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As part of a move to create a space for an “exchange of dialogue,” Patricia Duff founded the organization The Common Good. Her goal is to make sure that people are willing to keep an open ear and have conversations that “aren’t limited to sound bites.” The group has been the force behind numerous events. They recently hosted a preview screening of the documentary Client 9: The Rise and Fall of Eliot Spitzer. Duff told me that she had been a Spitzer supporter. “I think he did a lot of good work as Attorney General. This film is fodder for starting a discussion.” A question and answer forum with director Alex Gibney was part of the evening.
Having written numerous articles about the Eliot Spitzer saga, its intersection with prostitution and human trafficking, and his reemergence in the public eye—from speaking appearances to a co-host position on the CNN nightly line up—I was interested in learning what the film would have to offer.
Gibney’s account is a story with a motley cast of characters that only a screenwriter could dream up. It is a political intrigue tale, missing only a definitive “Deep Throat” anchor. Perhaps the closest element to that is the actress who portrays “Angelina,” the primary woman that Spitzer had assignations with. (Despite her protracted presence in the public eye, Ashley Dupre had only one meeting with Spitzer.)
Spitzer is interviewed seated on a sofa, in comfortable and elegant surroundings. On topics related to Wall Street and the Governorship, he is extremely verbal and forthcoming. On matters requiring introspection, he is less articulate. We do learn about how he was raised by a father who translates as more forbidding than loving. His top lesson for his son was, “Don’t trust anyone.”
With references to Greek mythology (think hubris and exalted mortals with clay feet) the film intones, “No one expected him to go down like he did.” As the “Sheriff of Wall Street” whose mantra was “attack, attack, attack,” Spitzer’s premise was that Wall Street couldn’t be left to police itself. Spitzer saw himself as the people’s attorney, fighting to change a system through the law—which had turned a blind eye to white-collar crime.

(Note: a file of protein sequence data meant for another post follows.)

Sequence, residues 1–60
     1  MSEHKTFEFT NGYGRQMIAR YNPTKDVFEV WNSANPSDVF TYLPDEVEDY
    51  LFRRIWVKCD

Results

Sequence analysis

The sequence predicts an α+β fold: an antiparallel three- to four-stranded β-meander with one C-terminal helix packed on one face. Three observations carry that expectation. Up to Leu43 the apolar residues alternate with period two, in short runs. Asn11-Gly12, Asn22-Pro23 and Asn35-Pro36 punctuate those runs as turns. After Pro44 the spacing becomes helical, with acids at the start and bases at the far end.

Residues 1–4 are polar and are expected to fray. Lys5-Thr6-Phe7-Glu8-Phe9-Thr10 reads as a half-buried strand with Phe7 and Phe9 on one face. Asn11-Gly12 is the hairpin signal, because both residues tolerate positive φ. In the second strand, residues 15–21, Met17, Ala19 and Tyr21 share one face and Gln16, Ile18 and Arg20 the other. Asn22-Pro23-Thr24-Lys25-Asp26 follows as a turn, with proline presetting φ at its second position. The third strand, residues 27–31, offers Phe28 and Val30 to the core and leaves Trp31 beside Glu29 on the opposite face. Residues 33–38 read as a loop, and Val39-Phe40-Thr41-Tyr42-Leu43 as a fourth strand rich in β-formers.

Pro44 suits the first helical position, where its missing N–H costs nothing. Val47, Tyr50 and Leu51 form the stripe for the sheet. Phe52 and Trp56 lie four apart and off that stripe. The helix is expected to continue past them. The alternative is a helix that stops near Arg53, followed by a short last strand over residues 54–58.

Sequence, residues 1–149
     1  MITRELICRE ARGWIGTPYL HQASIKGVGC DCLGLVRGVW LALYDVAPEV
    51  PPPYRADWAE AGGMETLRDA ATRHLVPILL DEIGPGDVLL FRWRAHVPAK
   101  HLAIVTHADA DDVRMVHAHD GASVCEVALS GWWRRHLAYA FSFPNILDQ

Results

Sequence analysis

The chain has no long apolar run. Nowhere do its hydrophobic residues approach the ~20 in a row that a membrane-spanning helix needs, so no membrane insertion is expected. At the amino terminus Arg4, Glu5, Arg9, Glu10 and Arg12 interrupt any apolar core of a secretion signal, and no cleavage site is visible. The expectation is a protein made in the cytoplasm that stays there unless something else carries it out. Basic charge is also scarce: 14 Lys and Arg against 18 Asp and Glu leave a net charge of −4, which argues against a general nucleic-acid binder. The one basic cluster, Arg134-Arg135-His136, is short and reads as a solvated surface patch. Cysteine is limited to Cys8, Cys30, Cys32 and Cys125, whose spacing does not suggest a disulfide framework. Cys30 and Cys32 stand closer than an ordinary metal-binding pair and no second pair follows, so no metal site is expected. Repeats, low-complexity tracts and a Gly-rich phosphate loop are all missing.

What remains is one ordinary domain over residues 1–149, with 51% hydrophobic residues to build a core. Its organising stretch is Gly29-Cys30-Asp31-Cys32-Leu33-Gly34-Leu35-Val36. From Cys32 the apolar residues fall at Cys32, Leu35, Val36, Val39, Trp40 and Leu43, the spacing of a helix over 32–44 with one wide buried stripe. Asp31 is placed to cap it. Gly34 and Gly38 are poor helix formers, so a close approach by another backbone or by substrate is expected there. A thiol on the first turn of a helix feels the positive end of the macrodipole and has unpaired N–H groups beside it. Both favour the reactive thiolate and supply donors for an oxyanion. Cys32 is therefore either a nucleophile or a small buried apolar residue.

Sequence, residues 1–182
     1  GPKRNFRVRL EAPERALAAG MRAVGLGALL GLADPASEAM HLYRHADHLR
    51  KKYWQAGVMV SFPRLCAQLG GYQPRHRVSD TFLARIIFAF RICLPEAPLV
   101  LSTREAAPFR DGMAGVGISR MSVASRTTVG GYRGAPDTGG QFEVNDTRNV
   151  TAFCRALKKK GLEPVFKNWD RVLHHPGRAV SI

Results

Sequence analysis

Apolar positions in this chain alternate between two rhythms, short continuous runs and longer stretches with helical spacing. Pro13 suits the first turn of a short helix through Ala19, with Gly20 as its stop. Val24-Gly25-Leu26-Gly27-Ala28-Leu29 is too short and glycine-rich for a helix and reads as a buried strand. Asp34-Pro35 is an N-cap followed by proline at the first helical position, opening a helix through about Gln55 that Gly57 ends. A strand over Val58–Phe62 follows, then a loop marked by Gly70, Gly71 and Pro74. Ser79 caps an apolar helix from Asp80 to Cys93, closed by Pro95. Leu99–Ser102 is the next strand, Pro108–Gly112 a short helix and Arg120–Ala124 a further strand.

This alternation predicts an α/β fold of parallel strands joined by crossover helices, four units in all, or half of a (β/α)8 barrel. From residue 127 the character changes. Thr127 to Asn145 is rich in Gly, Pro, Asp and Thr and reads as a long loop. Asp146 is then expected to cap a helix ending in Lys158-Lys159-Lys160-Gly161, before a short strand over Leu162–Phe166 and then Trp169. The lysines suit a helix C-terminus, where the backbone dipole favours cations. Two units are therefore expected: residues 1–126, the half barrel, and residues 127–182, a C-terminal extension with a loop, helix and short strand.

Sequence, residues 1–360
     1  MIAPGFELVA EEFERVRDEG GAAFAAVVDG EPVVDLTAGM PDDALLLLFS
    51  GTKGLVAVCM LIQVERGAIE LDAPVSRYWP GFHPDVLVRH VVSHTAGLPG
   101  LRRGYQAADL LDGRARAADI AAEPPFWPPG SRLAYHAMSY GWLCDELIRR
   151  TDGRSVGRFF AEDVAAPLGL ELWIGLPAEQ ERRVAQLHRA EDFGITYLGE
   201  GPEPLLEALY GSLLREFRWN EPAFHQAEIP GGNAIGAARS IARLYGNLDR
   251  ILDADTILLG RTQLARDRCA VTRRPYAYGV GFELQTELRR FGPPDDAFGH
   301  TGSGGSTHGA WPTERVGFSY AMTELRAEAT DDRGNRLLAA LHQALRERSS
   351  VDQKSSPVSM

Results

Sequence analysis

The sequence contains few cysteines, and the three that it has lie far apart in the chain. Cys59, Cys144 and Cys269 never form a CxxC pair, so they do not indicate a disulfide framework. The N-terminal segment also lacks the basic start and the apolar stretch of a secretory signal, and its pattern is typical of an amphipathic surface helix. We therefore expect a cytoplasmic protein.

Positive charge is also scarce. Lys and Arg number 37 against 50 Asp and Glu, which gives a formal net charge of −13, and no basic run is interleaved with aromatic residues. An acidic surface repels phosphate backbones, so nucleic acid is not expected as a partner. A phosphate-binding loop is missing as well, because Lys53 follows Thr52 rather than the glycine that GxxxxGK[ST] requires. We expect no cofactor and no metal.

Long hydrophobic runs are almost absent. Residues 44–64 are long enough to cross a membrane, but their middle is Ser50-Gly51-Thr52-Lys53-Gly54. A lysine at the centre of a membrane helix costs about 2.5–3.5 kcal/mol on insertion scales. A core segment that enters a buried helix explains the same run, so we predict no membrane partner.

Self-identifying as “a fucking steamroller,” Spitzer racked up an array of enemies. They included Joe Bruno, the former Republican Majority leader of the New York State Senate; Maurice R. Greenberg, the former chairman of A.I.G.; and former director of the NY Stock Exchange, Kenneth G. Langone. Eager to weigh in on the chain of events is Roger Stone, a flamboyant Republican political consultant, who delivers his insights with the nighttime Manhattan skyline as a backdrop.
On the dichotomy between Spitzer’s actions and the fact that as governor he worked to pass The Human Trafficking Law (June 6, 2007), little about this conundrum is addressed. There is a brief clip showing prominent anti-trafficking activists witnessing the bill being signed by Spitzer. Yet, more time is devoted to an interview with a sex worker involved in the “high-end” of the prostitution continuum who states flatly that women in this well-paying line of work are not abused victims. Rather, they like the checkbook net-gains. Gabney also includes a visual montage of other politicians whose reputations have been affected by “sex scandals.”
As for Spitzer’s explanation of his behavior, he likens himself to Icarus, describing his activities as a release that was “easier than a relationship.” Others suggest that Spitzer didn’t understand his own behavior. On days when his severe political and personal style would be out of control, his staffers would wearily suggest that his evil twin “Irwin” had shown up.
When taking questions from the audience about whether the coverage of the Spitzer imbroglio was “skewed,” Gibney said, “There was salacious excitement that the ‘Sheriff of Wall Street’ was part of this escort service.” He underscored that “other details weren’t looked at,” and suggested, “Federal investigators don’t get interested in this stuff [escort services].” What was the purpose of the investigation? Was there corruption in the Justice Department? Did United States attorney Michael Garcia abuse his power? These were the questions that Gibney was targeting. He explained, “The film is dark. It asks all of us to examine how we judge public officials.”
The movie consistently points to Spitzer’s knowledge about the inner workings of Wall Street, his understanding of the economy in terms of TARP and subprime mortgages, and his prescience about the Wall Street meltdown. After the Q & A, I approached Gibney to ask him if he had reached out to anyone in the anti-trafficking community for their thoughts on the Spitzer situation, particularly as they had viewed Spitzer as an ally who understood their issues. His answer was, “No.” Gibney in turn asked me if I equated the Emperor’s Club V.I.P. with the sexual trafficking of children. He related the fact that he had interviewed people in the “high end of the escort trade who didn’t feel in need of protecting.” That singular point of view was represented in the documentary, with no parallel mention of the debate about the demand for paid sex, or whether it is acceptable to purchase another human being.
About the story line he had shaped, Gibney said, “I want people to come to their own conclusions.” Client 9 delves into an interesting set of circumstances. However, it is not built upon the questions that I brought to the film.
In the end, I would have to agree with Spitzer’s reason for his “rise and fall.” As he says without emotional affect, “There’s all sorts of rumors about bringing me down. My view is I brought myself down.”
This article originally appeared on the website mgyerman.com